Reference source/supplementary reading for lecture Your Brain on Collision Sports

  • Body World Pics
  • Brain Poster Session: Experimental Cerebral Ischemia – Blood Flow and Metabolism
  • Microvascular Flow Physics



Capillaries measure 5-10 μm in diameter and enable the interchange of water, oxygen, carbon dioxide, and many other nutrient and waste chemical substances between blood and surrounding tissues.[3] True capillaries branch mainly from metarterioles and provide exchange between cells and the circulation. The internal diameter of 8 μm forces the red blood cells to partially fold into bullet-like shapes and to go into single file in order for them to pass through. Continuous capillaries have a sealed endothelium and only allow small molecules, like water and ions to diffuse. There are those with numerous transport vesicles and tight junctions and those with few vesicles and tight junctions. Fenestrated capillaries have pores in the endothelial cells (60-80 nm in diameter) that are spanned by a diaphragm of radially oriented fibrils and allow small molecules[1] and limited amounts of protein to diffuse. Sinusoidal or discontinuous capillaries are special fenestrated capillaries that have larger openings (30-40 μm in diameter) in the endothelium to allow [[red blood cell]s and serum proteins to enter.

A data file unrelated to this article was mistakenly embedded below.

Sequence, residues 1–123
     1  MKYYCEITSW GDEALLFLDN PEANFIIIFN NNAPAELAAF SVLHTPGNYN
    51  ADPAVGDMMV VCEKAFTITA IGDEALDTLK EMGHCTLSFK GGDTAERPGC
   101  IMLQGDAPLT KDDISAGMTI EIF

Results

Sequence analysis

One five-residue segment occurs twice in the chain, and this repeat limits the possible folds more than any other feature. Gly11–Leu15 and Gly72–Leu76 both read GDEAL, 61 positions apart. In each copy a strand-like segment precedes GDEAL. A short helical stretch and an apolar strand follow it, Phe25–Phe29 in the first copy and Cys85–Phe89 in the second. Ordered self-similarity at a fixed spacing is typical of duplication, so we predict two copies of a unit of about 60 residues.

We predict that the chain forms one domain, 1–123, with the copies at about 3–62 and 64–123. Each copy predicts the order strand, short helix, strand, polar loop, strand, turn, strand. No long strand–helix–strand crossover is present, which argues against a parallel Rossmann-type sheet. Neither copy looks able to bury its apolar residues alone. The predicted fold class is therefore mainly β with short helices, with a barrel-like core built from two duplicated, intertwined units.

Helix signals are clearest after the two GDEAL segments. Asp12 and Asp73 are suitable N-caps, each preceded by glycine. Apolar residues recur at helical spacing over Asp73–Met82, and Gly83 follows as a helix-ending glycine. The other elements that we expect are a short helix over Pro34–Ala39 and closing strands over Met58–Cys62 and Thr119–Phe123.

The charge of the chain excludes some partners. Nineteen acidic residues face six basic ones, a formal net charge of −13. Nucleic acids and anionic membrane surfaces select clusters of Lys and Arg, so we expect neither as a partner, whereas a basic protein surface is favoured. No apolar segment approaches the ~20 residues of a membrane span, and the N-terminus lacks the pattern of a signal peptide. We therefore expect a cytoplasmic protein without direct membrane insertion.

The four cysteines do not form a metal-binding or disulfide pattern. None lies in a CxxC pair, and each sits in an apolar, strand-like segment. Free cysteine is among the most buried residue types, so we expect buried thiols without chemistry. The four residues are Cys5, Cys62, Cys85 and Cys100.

In 2007, Bhatia and L. Mahadevan, a Harvard professor of applied mathematics who studies natural and biological phenomena, started working together to understand how sickle cells move through capillaries. In the current study, the researchers recreated the conditions that can produce a vaso-occlusive crisis: They directed blood through a microchannel and lowered its oxygen concentration, which triggers sickle cells to jam and block blood flow.

Read more: Sickle Cell Disease Examination Via Blood Flow Measurement | Medindia